The 2019 Dakar Rally will be the shortest in the event’s history, taking place in just Peru, but five-time winner Marc Coma doesn’t think that’s a bad thing at all.
The 2019 Dakar Rally is just around the corner, which means that news about one of motorsports’ best-loved events is coming thick and fast.
Carlos Sainz has announced he’ll be part of the X-raid MINI JCW team alongside Stéphane Peterhansel and Cyril Despres, while Sébastien Loeb will be fighting hard as a PH Sport privateer, driving a Peugeot 3008 DKR.
But some things never change. Russia’s Kamaz trucks will be aiming to reign supreme, as usual, across the sands of the 2019 event. The KTM bikers will be looking to once again defeat the mighty Honda.
The Dakar has always been more than just a gruelling and dangerous rally raid, though. Organising a race that crosses multiple countries and terrain is no easy feat. The fact that it even goes ahead every year is a logistical triumph in itself.
But change is on the horizon. Since 2009 the rally has taken place in two or three South American countries, but the 2019 event will take place in just one country for the very first time – Peru. This raises questions about the Dakar’s future.
To get to grips with the future of the Dakar, we spoke to a man who knows the event better than almost anyone. A five-time winner, who’s also been the race’s sporting director for the past three years, Marc Coma is a Dakar expert. He understands the challenges for both competitors and organisers alike intimately.
We tracked him down to his hometown of Avià, near Barcelona, to ask him about the 2019 Dakar and his plans for the future.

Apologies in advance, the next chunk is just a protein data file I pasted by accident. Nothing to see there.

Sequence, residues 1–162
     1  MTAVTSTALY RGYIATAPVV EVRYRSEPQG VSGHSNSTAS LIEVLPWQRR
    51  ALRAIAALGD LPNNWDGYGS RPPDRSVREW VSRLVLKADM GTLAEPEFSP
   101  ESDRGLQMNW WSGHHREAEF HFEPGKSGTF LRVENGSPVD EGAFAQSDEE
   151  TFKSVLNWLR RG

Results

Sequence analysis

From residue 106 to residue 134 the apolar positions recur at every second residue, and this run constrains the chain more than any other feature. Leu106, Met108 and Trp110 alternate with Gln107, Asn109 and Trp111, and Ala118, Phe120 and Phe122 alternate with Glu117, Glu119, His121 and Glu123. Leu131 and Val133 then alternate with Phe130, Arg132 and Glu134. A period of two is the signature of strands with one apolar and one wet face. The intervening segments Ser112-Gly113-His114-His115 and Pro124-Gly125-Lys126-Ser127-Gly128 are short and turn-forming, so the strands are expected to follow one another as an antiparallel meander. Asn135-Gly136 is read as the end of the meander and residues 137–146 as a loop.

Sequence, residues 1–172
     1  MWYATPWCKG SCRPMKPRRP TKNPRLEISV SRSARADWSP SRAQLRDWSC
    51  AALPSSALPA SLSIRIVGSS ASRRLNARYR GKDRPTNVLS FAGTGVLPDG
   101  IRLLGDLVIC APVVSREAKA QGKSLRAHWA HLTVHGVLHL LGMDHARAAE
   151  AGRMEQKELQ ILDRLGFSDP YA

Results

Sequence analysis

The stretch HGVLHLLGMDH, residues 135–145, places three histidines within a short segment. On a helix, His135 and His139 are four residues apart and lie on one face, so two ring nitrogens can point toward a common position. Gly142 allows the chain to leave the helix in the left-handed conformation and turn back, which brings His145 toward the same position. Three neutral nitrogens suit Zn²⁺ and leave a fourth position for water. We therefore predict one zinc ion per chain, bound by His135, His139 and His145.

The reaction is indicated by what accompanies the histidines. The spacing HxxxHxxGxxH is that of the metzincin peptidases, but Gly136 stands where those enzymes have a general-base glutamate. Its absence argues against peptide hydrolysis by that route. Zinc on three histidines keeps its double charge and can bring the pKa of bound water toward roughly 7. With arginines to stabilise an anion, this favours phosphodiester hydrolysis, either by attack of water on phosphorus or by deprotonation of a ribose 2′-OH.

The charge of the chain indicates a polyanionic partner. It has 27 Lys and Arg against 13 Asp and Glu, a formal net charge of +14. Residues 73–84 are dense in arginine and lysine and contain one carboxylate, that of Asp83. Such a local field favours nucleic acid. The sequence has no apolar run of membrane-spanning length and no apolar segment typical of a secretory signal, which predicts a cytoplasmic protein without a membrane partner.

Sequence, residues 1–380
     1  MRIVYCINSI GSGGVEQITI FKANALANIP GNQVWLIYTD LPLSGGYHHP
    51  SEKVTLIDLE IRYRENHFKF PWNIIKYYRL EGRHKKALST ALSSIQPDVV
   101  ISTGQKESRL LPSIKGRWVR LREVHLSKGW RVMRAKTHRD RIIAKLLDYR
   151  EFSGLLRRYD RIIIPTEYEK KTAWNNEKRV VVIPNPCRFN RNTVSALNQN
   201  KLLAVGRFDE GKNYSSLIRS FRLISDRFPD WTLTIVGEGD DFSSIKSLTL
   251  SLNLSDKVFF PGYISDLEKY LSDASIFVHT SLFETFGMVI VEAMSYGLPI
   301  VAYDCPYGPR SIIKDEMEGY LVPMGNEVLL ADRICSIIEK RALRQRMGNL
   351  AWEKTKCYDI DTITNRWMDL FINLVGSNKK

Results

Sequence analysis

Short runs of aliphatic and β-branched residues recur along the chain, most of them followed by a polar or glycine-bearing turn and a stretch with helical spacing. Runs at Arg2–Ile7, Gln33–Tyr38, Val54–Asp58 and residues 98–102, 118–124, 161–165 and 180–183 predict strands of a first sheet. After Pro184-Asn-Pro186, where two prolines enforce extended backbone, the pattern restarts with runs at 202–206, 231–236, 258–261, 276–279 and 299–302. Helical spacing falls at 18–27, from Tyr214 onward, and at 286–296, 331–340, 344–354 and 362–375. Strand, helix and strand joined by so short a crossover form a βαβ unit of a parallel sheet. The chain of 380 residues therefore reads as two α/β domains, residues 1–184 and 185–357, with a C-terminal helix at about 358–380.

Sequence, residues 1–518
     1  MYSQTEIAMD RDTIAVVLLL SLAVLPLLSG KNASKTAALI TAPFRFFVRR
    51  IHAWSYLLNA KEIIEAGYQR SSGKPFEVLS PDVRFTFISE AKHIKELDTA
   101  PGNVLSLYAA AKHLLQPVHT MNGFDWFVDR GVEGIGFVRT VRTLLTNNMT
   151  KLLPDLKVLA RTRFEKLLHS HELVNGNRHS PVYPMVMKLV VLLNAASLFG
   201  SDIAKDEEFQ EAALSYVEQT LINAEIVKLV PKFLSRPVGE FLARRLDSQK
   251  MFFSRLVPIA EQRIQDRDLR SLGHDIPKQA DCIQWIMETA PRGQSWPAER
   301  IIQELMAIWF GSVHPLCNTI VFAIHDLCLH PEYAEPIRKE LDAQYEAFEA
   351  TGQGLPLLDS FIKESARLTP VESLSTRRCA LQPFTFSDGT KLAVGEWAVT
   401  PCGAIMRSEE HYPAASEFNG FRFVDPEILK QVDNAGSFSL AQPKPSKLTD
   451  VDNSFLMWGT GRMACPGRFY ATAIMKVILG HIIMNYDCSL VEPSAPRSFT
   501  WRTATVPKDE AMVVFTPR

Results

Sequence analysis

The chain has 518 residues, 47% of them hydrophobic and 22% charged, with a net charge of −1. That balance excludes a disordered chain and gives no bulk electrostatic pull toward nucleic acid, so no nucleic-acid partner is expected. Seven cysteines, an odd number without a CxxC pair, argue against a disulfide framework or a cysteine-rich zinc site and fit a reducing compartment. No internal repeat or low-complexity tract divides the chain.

Coma has 16 year’s worth of Dakar experience. He took part in the event while it was still held in Africa, and then followed it to South America. He’s also been part of the Dakar backroom since 2015. So what does he think about the event’s plans for 2019?
“We’re facing a quite different Dakar to the one we are used to, with a very intense and demanding route,” he explains. “Just 10 stages, it’ll be the shortest Dakar Rally in history. Everything will be compressed into a single country.”
But Coma is adamant that the event, hosted by Peru, will still be one of the toughest ever Dakars.
“For starters, there will be fewer liaisons and they will be shorter as well,” explains the Spaniard. “The stages will once again have the classic Dakar spirit. Peru stands out for its sea of dunes. Two thirds of the route will be in the deserts, and the most important one will be Atacama.”
The Dakar began to explore these Peruvian deserts in 2012 and 2013. It’s a terrain that harks back to the event’s original home in Africa.
“I personally believe that it’s a good thing to have the sand as the big challenge of the race,” says Coma. “Africa was special because of its vast deserts. And only Peru in South America has been able to emulate those magical stages.”
Over the years, safety has been the organisers’ first priority – and their biggest challenge. But Coma says that the Dakar has, this year, solved one of the major problems it has faced since moving to South America in 2009.